The Interview: Shoojit Sircar
A famous Charles Darwin quote states, “It is not the strongest of the species that survives, nor the most intelligent, but the one most responsive to change.” Filmmaker Shoojit Sircar has clearly responded to that change, by releasing the Amitabh Bachchan-Ayushmann Khurrana starrer, Gulabo Sitabo, on Amazon Prime Video. Sircar has been behind some thought-provoking films in the last decade, like Vicky Donor, Madras Café, Piku, and October. His film makes the audience question things they know, the decisions they take in their everyday life, and even come up with their own interpretations of how a film ends.
The decision to go digital with Gulabo Sitabo has immortalised you, as any conversation about the digital release of a big film will be incomplete without you.
(Laughs) It was not an easy decision to take. After a lot of discussion, we arrived at this decision. We weighed in all the pros and cons. We all love cinema. The situation of COVID-19 is of epic proportions, and it has made us adapt to the new reality and the new format. I make movies because it’s my passion. I want the audience to watch them in the theatre, because the theatrical experience is electrifying. But, I wanted to show my film to the audience at the earliest. We didn’t know when the theatres would reopen, as the pandemic has made everyone sit at home. So, we decided to put our film where the audience is.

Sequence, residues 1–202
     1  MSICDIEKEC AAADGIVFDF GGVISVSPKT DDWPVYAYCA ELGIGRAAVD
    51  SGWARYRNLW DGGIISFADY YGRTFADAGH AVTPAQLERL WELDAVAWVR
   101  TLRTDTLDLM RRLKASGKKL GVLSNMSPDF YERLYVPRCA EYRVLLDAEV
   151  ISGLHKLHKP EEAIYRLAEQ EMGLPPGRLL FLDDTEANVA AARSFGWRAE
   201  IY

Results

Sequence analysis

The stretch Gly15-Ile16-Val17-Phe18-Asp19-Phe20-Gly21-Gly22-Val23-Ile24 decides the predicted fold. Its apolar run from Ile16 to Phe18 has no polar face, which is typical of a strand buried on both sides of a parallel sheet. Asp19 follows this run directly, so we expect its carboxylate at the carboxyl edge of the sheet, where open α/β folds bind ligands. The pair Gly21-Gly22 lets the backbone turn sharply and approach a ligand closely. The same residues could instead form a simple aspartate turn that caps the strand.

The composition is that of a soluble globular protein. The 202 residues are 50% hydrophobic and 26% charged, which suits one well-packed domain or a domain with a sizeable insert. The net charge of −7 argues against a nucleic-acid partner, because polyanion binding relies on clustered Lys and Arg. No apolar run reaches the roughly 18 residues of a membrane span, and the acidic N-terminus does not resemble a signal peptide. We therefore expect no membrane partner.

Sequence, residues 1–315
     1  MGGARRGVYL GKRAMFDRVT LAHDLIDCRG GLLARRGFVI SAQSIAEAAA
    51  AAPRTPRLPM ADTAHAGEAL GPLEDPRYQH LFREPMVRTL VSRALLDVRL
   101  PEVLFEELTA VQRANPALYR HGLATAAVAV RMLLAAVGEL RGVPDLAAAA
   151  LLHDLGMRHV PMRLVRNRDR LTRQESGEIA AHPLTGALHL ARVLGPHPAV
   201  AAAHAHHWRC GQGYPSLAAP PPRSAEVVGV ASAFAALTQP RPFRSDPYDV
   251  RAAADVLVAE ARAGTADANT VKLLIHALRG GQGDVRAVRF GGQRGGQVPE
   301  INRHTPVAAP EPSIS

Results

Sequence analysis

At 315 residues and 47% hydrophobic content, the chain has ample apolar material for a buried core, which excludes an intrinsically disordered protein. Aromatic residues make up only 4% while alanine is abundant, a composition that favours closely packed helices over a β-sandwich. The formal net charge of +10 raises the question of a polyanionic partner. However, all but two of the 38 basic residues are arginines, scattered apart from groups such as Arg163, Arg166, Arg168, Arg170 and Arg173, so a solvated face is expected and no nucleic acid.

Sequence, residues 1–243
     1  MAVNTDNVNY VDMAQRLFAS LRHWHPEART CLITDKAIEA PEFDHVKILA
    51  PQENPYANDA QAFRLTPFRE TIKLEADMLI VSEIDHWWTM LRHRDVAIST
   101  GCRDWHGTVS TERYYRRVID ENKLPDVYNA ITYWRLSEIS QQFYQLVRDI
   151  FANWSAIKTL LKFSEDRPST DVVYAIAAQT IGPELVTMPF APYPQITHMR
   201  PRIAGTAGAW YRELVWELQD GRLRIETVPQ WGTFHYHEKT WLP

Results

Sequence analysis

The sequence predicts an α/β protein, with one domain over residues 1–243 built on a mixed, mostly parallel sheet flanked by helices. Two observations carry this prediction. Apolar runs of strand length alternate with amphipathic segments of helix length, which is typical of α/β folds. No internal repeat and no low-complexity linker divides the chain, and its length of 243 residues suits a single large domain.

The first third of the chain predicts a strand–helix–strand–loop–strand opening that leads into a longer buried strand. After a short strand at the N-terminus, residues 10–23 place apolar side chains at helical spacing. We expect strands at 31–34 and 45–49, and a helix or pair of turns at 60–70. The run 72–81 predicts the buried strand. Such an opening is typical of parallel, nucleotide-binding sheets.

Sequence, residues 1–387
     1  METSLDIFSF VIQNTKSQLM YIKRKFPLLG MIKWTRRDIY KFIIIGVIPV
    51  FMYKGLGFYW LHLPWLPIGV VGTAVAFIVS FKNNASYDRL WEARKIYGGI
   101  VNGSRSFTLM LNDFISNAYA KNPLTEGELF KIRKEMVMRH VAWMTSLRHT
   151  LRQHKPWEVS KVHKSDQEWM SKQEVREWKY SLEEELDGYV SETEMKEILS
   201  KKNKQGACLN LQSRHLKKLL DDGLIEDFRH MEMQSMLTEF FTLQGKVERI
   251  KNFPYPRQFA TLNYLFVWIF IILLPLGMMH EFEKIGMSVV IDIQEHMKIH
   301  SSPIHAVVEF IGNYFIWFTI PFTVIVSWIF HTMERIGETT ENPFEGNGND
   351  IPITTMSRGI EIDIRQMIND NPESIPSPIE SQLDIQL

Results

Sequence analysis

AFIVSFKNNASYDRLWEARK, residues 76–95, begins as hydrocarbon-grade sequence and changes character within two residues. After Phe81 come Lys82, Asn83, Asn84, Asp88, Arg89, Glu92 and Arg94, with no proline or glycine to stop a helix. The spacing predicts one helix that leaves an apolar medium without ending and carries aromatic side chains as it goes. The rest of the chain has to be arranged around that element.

Do you think there will be any retribution from theatre owners when your next film is up for a release?
I don’t think so. I will have a personal conversation with theatre owners about this digital release, because we are a part of the same family. We all are in this together. If we start taking things personally, it will be a loss for cinema at large.
Without a theatrical release, how were you able to get the apt selling price for the film?
I’m sure it would have been tricky to reach an agreement concerning the amount. Ronnie Lahiri and Sheel Kumar will be able to answer it better, as the producers. But for me, money was not the factor when I gave my nod for the digital premiere. The only deciding factor was if we could release the film soon, and if we were okay with the film being an Amazon Prime Original.
Will we see you making content for digital platforms now?
Initially, I didn’t watch content on digital platforms. But this lockdown has nudged everyone to consume content on the web. The medium is here to stay. I wouldn’t mind experimenting with it.
What made you zero down on Gulabo Sitabo as your next, after October?
October was quite an exhausting film, given its topic. After October, we wanted to do something lighter, and we arrived on social satire. I had a grin on my face throughout the writing and making of this film. Gulabo Sitabo is your fifth collaboration with Juhi Chaturvedi.
What makes the two of you click?
We interact in the same way as we used to during our first film together. There’s harmony in the way we collaborate on ideas. We discuss the do’s and don’t’s of the story idea at the very beginning. We jam and flesh it out. Gulabo Sitabo is a story about these characters from Lucknow. Juhi hails from Lucknow, so for her it was playing on home turf, but it was new territory for me. As the film Is a satire, we agreed that we wouldn’t play it to the gallery. We kept this point in mind with every shot, every dialogue, and every moment of the film.
In an interview, you said you had thought of Amitabh Bachchan donning the role of Mirza while writing the film.